AVB Glossary

Audio Channel

One monophonic audio signal

Audio Cluster

A group of audio channels in a stream.

Examples:

  • A single channel of audio
  • A single S/PDIF or AES3 connection which may contain a stereo audio signal with meta-data or an encoded 5.1 surround-sound audio.

Audio Map

A static mapping between an audio Stream’s channels and an Audio Cluster’s channels for Streams and Stream Ports.

Example: The Audio Map allows you to select which Audio Channels within which Audio Clusters in a Stream will be processed. For instance, an Audio Map could select: The “Third Channel” from the second 8 audio channel stream by choosing Channel 0 from Cluster 3 from the second audio stream

Audio Unit

Contains Signal processing for a single Audio Clock Domain.

Example:

  • If a device had the capability of doing processing in multiple clock domains at the same time, the processing for each clock domain would be done within a separate Audio Unit.

AVB Interface

An AVB capable network interface capable of sourcing or sinking Streams and participating in an AVB domain.

AVDECC

The Acronym used to refer to IEEE Std 1722.1-2013 (Audio Video Discovery Enumeration Connection and Control)

AVDECC Entity

A logical object within an End Station that can accept and respond to AVDECC messages.

Example:

  • A device may contain more than one AVDECC Entity. Typically, an AVB device will only contain one AVDECC Entity. As far as the AVDECC Controller is concerned, two entities on one device is indistinguishable from two devices with one entity each. One use case for having two AVDECC Entities in one device is to partition it - allow one user to use one portion of a device while allowing another user on the network to change settings on another portion of the same device but not allowing the two users to affect each other’s settings.

Descriptor

A machine-readable description of an object within the AVDECC Entity data Model (AEM). Each descriptor has a Descriptor Type and a Descriptor Index.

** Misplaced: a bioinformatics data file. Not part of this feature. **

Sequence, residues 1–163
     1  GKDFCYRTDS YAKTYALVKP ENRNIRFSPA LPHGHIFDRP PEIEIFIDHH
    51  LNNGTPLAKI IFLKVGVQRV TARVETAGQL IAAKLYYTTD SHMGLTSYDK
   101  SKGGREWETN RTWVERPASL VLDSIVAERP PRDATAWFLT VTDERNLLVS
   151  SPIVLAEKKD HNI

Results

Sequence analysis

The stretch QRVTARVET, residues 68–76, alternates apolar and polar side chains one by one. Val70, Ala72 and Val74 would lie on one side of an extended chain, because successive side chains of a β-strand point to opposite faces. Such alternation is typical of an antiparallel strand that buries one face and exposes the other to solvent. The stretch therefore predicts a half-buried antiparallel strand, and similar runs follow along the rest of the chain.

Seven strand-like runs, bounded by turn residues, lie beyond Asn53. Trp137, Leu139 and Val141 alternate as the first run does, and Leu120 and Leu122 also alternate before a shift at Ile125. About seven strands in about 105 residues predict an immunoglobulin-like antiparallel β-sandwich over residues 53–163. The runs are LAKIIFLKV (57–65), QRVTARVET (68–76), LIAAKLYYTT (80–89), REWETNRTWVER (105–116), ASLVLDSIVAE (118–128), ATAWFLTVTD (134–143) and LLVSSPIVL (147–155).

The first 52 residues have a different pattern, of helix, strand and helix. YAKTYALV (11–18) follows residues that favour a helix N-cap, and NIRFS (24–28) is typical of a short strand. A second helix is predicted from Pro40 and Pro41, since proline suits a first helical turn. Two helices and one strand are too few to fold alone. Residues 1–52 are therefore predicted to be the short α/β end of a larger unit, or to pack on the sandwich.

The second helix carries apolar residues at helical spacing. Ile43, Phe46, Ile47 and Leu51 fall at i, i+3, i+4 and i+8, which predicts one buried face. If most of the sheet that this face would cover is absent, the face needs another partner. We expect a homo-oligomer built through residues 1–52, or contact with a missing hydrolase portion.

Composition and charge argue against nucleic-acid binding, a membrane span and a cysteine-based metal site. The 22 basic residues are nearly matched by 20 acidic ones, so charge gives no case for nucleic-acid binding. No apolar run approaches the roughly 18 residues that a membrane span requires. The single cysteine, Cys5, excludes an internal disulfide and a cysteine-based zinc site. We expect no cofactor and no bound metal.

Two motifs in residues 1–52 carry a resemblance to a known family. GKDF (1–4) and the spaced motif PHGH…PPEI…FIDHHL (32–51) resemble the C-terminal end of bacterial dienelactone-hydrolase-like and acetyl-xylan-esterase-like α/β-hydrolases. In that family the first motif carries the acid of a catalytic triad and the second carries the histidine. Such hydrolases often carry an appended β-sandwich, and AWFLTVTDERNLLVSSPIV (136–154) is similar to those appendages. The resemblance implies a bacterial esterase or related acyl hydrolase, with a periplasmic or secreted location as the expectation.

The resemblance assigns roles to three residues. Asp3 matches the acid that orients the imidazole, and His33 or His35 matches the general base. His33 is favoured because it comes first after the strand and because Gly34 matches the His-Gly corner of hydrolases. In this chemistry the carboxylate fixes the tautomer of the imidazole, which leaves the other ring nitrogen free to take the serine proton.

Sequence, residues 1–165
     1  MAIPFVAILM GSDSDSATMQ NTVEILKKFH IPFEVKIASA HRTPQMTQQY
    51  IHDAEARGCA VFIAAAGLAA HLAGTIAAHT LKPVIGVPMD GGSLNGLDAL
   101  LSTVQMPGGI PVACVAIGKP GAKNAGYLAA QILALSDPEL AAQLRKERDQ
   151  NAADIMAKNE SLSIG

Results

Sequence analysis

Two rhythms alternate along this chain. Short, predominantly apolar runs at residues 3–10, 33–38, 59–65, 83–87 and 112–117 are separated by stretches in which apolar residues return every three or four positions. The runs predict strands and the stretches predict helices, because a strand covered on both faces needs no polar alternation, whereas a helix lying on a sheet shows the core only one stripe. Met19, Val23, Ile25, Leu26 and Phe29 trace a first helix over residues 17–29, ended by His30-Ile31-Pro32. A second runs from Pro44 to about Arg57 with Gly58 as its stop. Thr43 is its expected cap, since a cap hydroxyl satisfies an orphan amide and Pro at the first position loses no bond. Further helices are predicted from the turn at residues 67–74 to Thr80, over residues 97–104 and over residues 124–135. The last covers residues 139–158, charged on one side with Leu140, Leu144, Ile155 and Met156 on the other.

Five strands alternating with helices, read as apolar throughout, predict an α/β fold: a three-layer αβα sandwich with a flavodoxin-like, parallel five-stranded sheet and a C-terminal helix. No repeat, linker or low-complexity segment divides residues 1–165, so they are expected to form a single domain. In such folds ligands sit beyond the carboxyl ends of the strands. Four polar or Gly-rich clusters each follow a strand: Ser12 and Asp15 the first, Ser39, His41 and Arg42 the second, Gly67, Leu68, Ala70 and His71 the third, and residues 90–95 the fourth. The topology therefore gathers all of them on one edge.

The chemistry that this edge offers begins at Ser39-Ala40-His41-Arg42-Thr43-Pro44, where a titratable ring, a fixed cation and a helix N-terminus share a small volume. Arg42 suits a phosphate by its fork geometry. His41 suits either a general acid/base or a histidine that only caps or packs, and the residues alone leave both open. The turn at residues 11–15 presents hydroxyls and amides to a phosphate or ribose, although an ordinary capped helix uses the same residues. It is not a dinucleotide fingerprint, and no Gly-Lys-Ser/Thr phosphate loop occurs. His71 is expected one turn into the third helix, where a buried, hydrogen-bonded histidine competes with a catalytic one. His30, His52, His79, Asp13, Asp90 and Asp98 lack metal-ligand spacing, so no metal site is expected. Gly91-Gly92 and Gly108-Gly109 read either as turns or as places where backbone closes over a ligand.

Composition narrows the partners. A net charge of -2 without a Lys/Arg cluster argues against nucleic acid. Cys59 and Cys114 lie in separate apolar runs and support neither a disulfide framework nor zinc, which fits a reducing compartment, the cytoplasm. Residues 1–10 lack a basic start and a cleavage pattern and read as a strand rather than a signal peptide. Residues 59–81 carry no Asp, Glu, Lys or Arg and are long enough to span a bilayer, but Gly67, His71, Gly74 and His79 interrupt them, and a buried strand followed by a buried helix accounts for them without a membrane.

Example:

  • An AVB_INTERFACE Descriptor describes an AVB Interface. A JACK_INPUT descriptor describes an Input Jack. There are descriptors for every user-relevant aspect of the device. A controller program can ask a device for these descriptors to learn about the capabilities of the device to present to the user.

Entity ID

The EUI-64 identifier (IEEE-defined 64-bit Extended Unique Identifier) of an AVDECC Entity. The Entity ID is based on the device’s ethernet port’s MAC address, the value of the top bits of which are purchased by a manufacturer from IEEE. The Entity ID for a specific device is a globally unique number.

Entity Model ID

The EUI-64 identifier of an AVDECC Entity data Model (AEM). This is a unique number that the manufacturer assigns to device every time a new version of the entity model / object layout / processing structure changes.

Example:

  • If a controller sees two devices on the network with the same Entity Model ID, then it will know that these two devices have identical capabilities and processing structure without having to interrogate both of the devices.

Input Stream

A Stream that is received by an AVB Listener.

Jack

An ingress or egress point of a non-media-stream signal to or from an AVDECC Entity.

Example:

  • Typically, a Jack represents a physical connector on a device. A Jack may also be called “Captive” if the logical connector is internal only such as a connection to an amplifier for an embedded speaker driver.